It is an occasion of pride that the Shishukunj MUN is on the cards again. On behalf of the entire Executive Board, welcome to the Sixth Committee of the General Assembly at Shishukunj MUN 2016. My name is Pranit Gupta and I will have the distinct honor of serving as your chair in the Legal committee this year.
A little more about myself: I am an 11th grader, studying commerce and political science. I have been associated with this exciting domain of Model United Nations since over a year and have made my mark at several national and international conferences till date. MUNing, public speaking, quizzing, economics and current affairs are some of my strong suits. I enjoy travelling, wildlife photography, writing blogs and playing squash.
As for the committee, this year Legal's topic looks to the future. We will be discussing legislation of two new realms of warfare, clubbed 'Fourth Generation Warfare in the Fifth Domain'. Cyberspace is the new frontier for international warfare and non-state actors are the winning forces. In this warfare agenda, questions of legality arise because these attacks often cross the boundaries of national borders. I strongly believe that good MUNners should go beyond hurling Reuter's reports or UN documents at each other and focus more on solutions, than allegations. The world needs more of that.
Right now, you are a group of high school students with a common interest in politics- In July, you will be transformed into government officials facing some of the most complex issues in our world today. Have fun with your role and leave your own beliefs behind for three days as you represent some of the most interesting and vocal diplomats in the world. I am very excited for the discussions and deliberations that will arise from this fantastic committee. I encourage each and every one of you to not only be diligent in your research and your professionalism during the conference, but also, most importantly, enjoy your time here in the company of many other talented, thoughtful, and amazing people. Please feel free to reach out to me for any questions or your introduction at firstname.lastname@example.org.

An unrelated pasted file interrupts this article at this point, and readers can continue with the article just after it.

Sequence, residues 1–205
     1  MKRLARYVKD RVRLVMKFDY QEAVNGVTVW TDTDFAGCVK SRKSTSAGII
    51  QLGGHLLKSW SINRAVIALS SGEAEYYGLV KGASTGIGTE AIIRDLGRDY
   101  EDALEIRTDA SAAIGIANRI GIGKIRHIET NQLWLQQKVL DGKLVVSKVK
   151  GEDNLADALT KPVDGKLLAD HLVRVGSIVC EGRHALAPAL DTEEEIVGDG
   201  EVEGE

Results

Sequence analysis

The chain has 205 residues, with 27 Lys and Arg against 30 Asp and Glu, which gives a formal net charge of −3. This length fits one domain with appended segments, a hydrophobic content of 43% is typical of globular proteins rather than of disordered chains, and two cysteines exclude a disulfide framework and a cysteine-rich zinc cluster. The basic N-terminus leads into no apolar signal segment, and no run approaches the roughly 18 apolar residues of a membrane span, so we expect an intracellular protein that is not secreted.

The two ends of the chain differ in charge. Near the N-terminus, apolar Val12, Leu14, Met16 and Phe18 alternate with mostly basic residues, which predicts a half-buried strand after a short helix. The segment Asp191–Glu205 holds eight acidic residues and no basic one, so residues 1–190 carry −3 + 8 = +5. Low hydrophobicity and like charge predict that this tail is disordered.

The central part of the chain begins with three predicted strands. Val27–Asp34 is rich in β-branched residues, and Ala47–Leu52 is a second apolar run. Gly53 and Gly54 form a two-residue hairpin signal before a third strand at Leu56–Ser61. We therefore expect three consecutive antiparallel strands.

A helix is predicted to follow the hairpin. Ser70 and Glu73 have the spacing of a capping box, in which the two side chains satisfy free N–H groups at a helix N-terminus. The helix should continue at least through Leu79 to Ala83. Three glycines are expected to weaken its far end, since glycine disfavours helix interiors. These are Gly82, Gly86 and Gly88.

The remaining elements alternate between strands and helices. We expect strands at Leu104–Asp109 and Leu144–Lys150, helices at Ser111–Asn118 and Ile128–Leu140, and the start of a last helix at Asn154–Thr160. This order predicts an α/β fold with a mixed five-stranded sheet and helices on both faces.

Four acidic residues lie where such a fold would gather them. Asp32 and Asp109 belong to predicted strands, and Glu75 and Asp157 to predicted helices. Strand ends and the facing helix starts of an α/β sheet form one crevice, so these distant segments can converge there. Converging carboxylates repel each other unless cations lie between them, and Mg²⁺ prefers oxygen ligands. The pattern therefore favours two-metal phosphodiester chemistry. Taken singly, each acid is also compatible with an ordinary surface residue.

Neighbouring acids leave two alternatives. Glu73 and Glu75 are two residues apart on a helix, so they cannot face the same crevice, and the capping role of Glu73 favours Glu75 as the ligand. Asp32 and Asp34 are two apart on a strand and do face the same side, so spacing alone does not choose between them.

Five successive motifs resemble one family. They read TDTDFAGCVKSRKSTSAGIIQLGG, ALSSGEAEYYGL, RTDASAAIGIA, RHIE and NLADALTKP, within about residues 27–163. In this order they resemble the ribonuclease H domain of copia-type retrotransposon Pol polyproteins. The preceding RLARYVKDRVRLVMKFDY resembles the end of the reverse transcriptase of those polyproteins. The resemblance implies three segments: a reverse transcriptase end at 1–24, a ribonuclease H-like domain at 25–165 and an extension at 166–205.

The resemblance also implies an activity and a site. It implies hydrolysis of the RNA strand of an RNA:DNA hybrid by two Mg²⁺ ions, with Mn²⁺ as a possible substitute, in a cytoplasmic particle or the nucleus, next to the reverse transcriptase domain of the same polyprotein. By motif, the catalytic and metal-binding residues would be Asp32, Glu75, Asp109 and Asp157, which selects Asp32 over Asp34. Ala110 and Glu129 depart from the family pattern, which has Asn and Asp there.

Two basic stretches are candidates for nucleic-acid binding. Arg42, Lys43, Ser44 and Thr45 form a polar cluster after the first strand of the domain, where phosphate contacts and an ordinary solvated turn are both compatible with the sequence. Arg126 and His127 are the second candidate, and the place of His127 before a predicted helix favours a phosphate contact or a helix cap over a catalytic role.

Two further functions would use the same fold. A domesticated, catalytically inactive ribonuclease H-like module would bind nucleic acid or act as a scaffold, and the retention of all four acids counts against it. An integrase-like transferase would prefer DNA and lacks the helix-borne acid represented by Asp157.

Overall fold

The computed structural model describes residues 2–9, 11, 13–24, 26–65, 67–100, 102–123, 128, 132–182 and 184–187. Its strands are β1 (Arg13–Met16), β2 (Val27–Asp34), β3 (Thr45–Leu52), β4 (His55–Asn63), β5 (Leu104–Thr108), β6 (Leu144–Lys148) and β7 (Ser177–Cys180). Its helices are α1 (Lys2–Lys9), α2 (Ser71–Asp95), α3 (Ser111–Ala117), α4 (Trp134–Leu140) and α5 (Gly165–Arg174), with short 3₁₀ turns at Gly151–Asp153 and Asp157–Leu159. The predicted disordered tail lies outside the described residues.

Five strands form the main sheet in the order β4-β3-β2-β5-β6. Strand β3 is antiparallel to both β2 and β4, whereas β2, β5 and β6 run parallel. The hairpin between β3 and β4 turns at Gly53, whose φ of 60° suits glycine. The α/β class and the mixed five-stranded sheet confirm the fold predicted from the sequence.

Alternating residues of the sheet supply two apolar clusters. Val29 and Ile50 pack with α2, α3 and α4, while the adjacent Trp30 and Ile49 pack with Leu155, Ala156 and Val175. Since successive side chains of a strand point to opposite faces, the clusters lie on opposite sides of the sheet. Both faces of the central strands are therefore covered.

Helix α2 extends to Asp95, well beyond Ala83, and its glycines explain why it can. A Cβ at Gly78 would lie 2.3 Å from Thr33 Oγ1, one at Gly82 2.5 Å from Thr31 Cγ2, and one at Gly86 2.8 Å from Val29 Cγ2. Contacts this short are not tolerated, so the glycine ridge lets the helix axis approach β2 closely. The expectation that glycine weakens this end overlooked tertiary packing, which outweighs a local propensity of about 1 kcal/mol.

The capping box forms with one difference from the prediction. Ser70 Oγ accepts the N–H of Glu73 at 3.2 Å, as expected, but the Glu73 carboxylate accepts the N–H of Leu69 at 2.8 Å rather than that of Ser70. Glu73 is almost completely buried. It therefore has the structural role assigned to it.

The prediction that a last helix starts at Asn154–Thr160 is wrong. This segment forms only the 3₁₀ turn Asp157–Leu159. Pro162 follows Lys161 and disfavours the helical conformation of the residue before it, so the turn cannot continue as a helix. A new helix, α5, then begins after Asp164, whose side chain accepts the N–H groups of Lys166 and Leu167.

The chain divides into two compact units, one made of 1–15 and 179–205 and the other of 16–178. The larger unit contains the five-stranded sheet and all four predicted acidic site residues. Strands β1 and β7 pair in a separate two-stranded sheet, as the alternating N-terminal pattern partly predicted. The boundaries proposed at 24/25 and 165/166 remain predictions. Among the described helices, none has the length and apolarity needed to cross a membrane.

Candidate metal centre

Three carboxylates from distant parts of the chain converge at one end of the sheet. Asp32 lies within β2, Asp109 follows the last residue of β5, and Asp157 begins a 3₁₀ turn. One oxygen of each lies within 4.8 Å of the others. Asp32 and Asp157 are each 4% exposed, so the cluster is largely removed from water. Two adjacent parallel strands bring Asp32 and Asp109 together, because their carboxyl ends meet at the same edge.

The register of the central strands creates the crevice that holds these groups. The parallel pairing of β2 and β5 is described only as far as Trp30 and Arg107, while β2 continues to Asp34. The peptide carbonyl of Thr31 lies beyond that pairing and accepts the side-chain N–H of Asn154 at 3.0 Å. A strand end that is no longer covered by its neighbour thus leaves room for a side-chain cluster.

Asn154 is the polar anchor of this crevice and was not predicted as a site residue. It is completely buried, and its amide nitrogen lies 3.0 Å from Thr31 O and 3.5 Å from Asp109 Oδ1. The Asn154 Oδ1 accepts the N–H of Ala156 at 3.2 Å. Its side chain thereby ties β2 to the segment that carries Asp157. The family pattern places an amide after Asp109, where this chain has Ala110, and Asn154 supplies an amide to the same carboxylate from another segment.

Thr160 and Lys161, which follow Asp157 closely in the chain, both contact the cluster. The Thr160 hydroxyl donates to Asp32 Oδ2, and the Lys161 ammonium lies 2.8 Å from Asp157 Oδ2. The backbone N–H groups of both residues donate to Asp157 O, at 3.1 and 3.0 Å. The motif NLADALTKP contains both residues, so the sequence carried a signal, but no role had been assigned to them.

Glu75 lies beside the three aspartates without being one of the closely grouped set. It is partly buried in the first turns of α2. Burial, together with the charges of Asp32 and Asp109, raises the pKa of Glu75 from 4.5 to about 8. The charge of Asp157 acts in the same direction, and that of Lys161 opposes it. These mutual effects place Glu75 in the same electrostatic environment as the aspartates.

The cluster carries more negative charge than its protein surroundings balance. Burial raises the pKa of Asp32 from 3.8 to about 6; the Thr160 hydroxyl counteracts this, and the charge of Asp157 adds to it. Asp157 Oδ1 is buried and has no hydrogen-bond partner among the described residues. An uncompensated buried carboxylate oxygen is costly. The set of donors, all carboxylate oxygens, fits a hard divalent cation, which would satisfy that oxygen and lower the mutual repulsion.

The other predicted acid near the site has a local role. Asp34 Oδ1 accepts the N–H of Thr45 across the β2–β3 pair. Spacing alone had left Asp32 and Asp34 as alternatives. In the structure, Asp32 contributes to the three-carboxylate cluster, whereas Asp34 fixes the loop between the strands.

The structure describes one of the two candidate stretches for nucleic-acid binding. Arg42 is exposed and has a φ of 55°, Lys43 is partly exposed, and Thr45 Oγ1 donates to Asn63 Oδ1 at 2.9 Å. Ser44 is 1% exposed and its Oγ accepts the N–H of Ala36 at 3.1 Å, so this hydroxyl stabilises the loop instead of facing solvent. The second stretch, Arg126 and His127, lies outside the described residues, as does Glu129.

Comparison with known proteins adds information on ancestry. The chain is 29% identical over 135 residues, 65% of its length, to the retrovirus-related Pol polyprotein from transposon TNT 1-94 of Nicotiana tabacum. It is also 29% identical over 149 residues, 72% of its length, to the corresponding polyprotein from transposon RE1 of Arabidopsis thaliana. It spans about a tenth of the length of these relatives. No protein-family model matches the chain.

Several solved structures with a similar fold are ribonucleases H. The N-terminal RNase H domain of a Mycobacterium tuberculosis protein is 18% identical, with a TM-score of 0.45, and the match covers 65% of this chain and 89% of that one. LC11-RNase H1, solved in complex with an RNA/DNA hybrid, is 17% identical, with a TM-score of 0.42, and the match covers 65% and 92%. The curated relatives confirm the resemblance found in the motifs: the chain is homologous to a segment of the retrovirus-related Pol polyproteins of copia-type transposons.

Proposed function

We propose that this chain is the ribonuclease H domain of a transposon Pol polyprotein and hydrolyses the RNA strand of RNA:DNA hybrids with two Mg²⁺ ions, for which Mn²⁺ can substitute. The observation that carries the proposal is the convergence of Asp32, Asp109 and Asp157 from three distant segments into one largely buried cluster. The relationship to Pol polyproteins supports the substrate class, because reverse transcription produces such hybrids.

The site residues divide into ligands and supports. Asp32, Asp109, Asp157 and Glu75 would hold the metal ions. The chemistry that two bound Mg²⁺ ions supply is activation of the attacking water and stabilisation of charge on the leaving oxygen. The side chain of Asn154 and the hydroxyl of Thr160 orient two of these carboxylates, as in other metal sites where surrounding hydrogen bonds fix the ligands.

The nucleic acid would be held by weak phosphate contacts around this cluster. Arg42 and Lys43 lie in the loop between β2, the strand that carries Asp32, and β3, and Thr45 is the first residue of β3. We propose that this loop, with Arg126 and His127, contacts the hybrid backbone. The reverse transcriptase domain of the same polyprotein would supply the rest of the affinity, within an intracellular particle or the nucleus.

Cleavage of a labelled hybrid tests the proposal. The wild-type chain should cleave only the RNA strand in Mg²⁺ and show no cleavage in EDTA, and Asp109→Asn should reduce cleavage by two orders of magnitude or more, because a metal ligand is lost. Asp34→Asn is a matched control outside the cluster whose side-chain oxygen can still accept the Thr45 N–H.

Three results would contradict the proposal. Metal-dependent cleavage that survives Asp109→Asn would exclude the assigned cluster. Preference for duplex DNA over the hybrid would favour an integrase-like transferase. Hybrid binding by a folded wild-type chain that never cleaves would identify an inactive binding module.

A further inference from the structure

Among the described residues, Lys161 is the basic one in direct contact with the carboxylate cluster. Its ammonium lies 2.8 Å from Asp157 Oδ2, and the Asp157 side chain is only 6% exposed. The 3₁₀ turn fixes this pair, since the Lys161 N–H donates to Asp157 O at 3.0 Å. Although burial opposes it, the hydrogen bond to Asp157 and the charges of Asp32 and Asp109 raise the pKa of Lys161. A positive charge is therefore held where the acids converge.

I look forward to meeting all of you in the fall! Until then, best wishes!
Shishukunj MUN 2016
War always changes. Our enemies learn and adapt, and we must do the same or lose. Not only is the world facing a change in the method of war, it is facing radical changes in who fights the war and what they are fighting for. All over the world, state militaries, find themselves fighting non- state opponents. Historians have termed this new realm as Fourth Generation Warfare. As the 21st century has dawned, nearly every aspect of human activity has become irrevocably intertwined with cyber space. So has warfare. Cyberspace is the new frontier for international warfare, and developing cyber security capabilities is, therefore, essential for every nation. And with the evolution of Fourth Generation Warfare, cyberspace has become more hostile. The likes of al-Qaeda have mostly used the Internet for propaganda and communication. A culture of hacking and cyber terrorism has emerged and expansion of cyberspace has increased areas for non-state actors to interfere with highly classified government information. With cyberspace all set to become the fifth domain of warfare, countries around the world are busy preparing to face the threat of cyber war where attackers remain incognito. Questions of legality arise because these attacks often cross the boundaries of national borders. Who gets to determine the fate of those who perpetrate the attacks, the nation of the attacker or the nation who was attacked? Who has jurisdiction over cyber space? Do the laws of war apply to cyber attacks? How are non-state actors covered under International Law? These are among the numerous questions that the committee should look forward to answering when dealing with conduct of non-state actors in cyberspace.